When it comes to the crunch, you have to be in it to win it! It's a case of up tails all ...

  • Words for Wide Skies - a poetry anthology on sale (while stocks last) in the WWT Welney shop. It contains my poem inspired by the hares at the reserve.

Wednesday, 27 November 2013

Frostflowers: Fractal, Feathered or Fern-like?

This is the time of year for Jack Frost and his ice patterns!

The swirls in the photo above graced the roof of my car some days ago and made me wonder how they came to form in the way that they do.

I am, alas, no scientist, but it seems that small environmental changes, for example in air temperature, air movement, in the number of water molecules or in the quantity of dust particles, cause an ice pattern to grow, perhaps by developing long frond-like arms, thereby deviating from its original flower-like design.

But what causes these formations in the first place? Well, in the case of windows, it seems that frost patterns emerge when a pane of glass is exposed to sub-zero temperatures on the outside and moist air on the inside. Water vapour in the atmosphere condenses and becomes frost on the internal surface of the glass. These days with central heating, we rarely see frost patterns inside our homes, but I recall the high sash windows of my teenage years and the chilly patterns that delighted us on winter mornings.  

Friday, 15 November 2013

Beautiful Birds ~ at Snape Maltings

We drove into Snape Maltings for Aldeburgh Poetry Festival last weekend, and had hardly parked the car before this Kestrel alighted on a nearby telegraph pole.

Thursday, 7 November 2013

Monday, 4 November 2013

Seals and Cetaceans ~ Humpback Whale near Minsmere

Reports have been coming in of a Humpback Whale off the coast of RSPB Minsmere. You can read the story on the BBC website here. I gather it may be the same whale that was recently spotted off the Norfolk coast.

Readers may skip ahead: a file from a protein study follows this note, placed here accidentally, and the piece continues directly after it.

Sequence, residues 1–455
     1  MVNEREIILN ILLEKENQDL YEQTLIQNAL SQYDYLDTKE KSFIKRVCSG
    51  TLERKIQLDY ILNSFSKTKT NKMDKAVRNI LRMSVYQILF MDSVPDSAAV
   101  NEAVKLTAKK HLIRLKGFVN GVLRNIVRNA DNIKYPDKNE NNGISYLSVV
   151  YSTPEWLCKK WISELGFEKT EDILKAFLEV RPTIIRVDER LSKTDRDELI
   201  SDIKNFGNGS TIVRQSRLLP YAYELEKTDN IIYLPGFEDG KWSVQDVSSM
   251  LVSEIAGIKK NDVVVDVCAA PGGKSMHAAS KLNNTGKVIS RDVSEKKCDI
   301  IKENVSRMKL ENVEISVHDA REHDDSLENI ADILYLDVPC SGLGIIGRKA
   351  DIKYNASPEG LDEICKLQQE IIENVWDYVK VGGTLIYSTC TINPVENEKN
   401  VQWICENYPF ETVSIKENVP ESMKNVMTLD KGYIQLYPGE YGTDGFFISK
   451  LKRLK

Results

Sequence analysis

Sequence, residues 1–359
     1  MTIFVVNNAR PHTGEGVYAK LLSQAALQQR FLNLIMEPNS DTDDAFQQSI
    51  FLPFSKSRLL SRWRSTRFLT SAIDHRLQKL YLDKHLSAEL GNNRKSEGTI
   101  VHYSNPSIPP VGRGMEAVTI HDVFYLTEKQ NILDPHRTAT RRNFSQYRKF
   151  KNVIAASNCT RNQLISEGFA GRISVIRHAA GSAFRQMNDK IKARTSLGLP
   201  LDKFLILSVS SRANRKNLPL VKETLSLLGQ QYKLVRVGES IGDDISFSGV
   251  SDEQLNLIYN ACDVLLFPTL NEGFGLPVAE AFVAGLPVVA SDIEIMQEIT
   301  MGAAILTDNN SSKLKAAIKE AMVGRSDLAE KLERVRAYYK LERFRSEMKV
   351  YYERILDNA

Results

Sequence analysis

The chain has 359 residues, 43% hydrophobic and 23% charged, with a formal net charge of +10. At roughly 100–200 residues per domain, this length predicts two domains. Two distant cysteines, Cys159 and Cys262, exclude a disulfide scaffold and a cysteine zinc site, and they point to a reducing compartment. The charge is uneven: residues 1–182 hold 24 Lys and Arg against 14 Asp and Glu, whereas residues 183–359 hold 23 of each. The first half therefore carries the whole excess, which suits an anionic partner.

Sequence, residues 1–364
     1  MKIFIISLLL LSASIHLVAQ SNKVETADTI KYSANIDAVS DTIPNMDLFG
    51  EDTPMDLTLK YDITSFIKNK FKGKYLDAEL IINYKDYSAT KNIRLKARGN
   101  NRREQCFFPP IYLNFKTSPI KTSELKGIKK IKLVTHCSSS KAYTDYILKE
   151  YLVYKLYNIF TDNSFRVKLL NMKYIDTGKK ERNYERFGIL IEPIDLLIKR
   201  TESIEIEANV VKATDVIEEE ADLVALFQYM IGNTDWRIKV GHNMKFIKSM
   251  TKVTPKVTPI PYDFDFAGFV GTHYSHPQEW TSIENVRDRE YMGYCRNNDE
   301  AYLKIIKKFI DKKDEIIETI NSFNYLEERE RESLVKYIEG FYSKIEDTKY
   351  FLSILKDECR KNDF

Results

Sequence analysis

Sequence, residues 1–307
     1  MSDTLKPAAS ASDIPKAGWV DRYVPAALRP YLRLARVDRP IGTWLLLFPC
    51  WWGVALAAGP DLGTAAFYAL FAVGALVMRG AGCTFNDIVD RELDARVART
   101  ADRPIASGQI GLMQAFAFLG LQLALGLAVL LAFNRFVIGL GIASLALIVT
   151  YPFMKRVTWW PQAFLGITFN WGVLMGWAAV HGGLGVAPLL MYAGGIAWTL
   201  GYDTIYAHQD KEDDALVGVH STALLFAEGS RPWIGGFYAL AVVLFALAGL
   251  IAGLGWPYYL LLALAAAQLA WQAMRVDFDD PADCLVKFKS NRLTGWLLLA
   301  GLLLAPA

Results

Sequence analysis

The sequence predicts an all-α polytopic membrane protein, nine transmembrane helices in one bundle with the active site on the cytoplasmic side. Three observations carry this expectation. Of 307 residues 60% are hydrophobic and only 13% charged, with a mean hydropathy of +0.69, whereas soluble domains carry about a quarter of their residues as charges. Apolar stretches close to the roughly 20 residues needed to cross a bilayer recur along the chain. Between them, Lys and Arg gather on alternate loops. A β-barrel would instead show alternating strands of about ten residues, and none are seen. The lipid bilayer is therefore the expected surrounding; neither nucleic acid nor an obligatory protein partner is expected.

Whale-watchers today were stationed at RSPB Minsmere and at Dunwich Heath (NT).

Dunwich Heath: there is a small marine life observatory shed on the cliff (not quite visible from this photo).

Sunset off Minsmere

Friday, 1 November 2013

Seasonal Splash ~ Flatford Mill RSPB Garden, Needham Market and Sutton Hoo

'A prickle of hedgehogs'

The RSPB Wildlife Garden at Flatford was about to close for the winter, but I just loved the novel collective noun on the brown post! 

There was one solitary Ladybird, flexing her wings. You can see just how long these wings are in comparison with the spotted elytra. 

Fungi in the RSPB Garden

Mute Swans at Flatford Mill

Autumn gold at Sutton Hoo

Scarlet Rowan berries at Needham Market, Suffolk

We had visited the lakes at Needham Market before, but had not noticed this tunnel. The sunlit disc above was actually a blue sign ...

A little further round the path we encountered a fiery Spindle tree, with these stunning berries ... The wood was used for spinning - hence the name.

There were also some Rosehips, adding to another splash of autumn colour  ...

I recall (like the person who commented on a photo here) going to the local child clinic at regular intervals to collect our allocation of rosehip syrup and orange juice for the youngest family members.